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Starting a Nonprofit in California

Starting a Nonprofit in California in 8 Steps
Jamie Cattanach
Jamie CattanachUpdated March 6, 2023
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Starting a nonprofit organization allows you to use your business skills and experience to help make the world a better place. Getting a new nonprofit off the ground, however, can take a fair amount of time, effort, and money. To establish the corporate entity that will become your California nonprofit, you’ll need to figure out a unique name, get an EIN, and file several different kinds of paperwork with the government.Not sure where to start? Read on. What follows is a simple, step-by-step guide for how to start a nonprofit organization in California, including your options for funding.

What is a Nonprofit?

A nonprofit is an organization formed to serve the public good rather than for the purposes of generating a profit. Speaking more technically, a nonprofit is a business that has been granted tax-exempt status by the Internal Revenue Service (IRS) because it advances a social cause that benefits the public in some way. Any income a nonprofit generates cannot be distributed to its members, officers, shareholders, or directors. (That doesn’t mean, however, that its employees and founders can’t be fairly compensated for their work.)There are several types of nonprofits. including:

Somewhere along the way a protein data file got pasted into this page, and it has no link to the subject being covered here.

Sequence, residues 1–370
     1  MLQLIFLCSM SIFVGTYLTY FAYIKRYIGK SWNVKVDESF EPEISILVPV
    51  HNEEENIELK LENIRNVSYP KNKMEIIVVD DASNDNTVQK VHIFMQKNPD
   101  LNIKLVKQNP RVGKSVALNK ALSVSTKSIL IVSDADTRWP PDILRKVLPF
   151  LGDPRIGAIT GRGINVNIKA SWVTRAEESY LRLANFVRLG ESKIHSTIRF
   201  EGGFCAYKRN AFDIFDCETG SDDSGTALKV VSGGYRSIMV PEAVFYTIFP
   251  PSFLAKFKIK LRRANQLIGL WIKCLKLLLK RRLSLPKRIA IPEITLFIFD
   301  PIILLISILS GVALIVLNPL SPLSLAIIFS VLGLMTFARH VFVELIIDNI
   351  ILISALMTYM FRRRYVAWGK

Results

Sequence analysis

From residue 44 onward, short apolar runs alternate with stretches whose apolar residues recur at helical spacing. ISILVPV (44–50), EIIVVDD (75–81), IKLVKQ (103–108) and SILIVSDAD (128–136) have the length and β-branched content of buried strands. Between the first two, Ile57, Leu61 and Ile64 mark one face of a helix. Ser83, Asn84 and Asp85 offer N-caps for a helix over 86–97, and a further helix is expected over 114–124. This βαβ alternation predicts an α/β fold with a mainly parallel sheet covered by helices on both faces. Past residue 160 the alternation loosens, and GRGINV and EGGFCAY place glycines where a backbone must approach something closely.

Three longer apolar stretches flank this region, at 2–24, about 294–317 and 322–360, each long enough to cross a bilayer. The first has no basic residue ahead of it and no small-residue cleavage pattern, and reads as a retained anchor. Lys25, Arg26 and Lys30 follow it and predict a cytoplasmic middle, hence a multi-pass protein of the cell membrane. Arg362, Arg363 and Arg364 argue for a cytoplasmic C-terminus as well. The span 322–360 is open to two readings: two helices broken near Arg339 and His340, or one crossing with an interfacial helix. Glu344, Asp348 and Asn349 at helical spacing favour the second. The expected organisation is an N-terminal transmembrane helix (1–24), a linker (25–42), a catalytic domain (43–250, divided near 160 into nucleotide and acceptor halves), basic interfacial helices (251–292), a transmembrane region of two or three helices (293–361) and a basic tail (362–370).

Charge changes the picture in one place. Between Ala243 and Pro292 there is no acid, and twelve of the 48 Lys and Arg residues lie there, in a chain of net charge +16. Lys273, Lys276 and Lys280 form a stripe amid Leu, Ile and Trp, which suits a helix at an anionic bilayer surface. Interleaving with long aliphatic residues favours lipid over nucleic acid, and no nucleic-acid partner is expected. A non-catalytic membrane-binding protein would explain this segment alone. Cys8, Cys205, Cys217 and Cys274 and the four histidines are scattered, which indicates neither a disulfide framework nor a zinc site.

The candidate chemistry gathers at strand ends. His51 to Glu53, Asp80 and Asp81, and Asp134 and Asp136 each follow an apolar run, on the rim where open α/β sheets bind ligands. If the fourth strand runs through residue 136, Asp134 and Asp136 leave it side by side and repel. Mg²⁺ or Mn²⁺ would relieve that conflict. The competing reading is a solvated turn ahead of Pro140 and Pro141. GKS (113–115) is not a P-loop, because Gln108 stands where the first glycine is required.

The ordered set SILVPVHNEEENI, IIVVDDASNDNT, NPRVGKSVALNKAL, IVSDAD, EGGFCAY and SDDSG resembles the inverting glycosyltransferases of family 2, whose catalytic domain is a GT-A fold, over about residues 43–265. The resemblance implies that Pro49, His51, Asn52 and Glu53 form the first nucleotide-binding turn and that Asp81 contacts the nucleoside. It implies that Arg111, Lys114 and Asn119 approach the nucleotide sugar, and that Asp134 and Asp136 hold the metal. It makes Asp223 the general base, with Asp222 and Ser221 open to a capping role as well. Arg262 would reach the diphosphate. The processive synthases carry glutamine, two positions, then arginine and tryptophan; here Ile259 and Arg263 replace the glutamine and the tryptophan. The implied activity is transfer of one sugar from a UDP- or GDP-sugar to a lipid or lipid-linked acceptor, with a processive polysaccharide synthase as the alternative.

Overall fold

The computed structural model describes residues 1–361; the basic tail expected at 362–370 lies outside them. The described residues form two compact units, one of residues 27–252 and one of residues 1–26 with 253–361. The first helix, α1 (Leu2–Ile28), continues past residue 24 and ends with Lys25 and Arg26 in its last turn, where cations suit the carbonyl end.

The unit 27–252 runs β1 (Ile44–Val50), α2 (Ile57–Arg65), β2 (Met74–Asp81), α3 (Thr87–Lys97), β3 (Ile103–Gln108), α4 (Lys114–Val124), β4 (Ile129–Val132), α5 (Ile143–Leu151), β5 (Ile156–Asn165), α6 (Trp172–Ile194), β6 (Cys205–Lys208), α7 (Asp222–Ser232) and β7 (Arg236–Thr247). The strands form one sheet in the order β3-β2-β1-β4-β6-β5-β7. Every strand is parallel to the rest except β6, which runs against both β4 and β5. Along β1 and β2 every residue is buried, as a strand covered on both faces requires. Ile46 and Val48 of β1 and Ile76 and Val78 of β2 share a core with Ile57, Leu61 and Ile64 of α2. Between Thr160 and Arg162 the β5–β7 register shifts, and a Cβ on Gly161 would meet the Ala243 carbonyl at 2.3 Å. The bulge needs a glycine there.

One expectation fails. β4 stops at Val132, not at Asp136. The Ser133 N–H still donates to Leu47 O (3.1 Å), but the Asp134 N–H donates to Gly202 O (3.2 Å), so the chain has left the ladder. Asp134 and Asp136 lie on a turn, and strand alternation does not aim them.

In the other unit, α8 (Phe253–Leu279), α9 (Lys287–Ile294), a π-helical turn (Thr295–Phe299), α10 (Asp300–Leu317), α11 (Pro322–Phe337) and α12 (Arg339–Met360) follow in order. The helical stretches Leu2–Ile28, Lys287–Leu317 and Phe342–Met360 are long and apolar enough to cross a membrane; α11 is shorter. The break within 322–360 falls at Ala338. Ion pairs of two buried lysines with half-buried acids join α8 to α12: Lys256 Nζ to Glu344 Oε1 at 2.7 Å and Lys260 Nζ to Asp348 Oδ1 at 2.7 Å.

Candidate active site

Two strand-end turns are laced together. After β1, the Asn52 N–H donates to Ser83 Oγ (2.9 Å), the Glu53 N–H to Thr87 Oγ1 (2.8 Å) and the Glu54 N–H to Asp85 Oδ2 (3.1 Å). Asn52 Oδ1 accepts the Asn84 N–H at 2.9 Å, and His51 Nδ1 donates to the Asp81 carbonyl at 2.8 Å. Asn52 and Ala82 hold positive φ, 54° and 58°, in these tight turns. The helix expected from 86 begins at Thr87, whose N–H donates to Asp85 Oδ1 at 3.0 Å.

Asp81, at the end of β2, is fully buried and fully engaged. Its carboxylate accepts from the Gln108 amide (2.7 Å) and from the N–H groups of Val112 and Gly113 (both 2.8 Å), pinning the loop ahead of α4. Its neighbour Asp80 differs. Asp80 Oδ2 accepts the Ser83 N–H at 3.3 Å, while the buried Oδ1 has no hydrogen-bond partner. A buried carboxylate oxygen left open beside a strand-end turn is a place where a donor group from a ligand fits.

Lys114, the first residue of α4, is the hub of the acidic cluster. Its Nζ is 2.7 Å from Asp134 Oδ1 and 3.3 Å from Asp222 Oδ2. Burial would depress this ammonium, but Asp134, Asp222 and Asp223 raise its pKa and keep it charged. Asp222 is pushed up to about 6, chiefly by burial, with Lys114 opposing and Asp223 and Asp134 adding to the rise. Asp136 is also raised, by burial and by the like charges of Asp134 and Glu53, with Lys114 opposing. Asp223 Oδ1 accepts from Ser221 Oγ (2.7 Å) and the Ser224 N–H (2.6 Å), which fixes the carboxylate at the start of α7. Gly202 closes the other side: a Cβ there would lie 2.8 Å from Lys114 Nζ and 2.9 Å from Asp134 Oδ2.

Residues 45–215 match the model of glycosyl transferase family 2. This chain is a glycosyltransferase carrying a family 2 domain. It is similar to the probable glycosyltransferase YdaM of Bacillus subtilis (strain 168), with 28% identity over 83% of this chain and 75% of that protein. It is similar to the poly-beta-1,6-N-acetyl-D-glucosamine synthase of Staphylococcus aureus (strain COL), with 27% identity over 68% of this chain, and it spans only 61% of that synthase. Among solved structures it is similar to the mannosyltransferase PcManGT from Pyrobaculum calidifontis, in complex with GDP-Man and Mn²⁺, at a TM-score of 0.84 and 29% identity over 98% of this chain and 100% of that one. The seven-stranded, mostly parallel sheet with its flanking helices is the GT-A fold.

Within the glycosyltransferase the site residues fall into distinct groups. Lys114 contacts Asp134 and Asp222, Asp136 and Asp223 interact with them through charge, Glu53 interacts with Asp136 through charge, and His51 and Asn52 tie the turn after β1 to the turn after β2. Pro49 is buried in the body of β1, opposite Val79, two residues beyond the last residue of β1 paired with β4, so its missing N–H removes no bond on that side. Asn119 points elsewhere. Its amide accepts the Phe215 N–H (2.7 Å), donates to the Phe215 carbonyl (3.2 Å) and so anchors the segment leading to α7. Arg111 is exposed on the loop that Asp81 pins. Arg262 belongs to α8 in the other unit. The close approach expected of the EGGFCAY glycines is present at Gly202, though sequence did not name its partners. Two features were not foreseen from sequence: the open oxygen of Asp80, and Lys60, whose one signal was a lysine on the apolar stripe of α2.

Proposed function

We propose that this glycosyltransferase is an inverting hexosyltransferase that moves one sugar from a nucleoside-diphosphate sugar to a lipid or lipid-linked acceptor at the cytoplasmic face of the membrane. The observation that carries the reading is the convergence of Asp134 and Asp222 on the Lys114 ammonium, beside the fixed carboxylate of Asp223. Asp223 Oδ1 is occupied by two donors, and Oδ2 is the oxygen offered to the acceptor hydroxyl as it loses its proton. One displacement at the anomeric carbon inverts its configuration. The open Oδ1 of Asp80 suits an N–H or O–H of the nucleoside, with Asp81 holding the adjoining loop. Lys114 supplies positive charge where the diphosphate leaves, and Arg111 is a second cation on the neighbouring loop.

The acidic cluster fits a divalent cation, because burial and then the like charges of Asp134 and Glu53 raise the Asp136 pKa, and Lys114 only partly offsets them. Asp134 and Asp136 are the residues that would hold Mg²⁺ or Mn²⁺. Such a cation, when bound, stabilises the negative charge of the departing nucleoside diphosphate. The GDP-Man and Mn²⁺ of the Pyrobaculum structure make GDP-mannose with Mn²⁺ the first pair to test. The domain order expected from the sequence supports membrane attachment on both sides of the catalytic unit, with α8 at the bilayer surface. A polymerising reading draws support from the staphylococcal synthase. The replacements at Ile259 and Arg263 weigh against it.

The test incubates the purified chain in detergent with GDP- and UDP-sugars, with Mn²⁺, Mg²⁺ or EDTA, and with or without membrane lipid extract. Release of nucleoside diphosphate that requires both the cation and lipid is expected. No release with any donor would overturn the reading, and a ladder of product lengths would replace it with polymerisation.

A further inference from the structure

• 501(c)(3)s These include charities, churches, and other organizations dedicated to the public good.
  • 501(c)(4)s These include social welfare organizations and local associations of employees.
  • 501(c)(5)s These include labor unions and agricultural organizations.
There are many more — in fact, there are nearly three dozen types of tax-exempt organizations defined across the U.S. tax code. Which one is right for your purposes will depend on what, exactly, your nonprofit is trying to accomplish. Recommended: Starting a Nonprofit: 11 Essential Steps 

How Nonprofits Work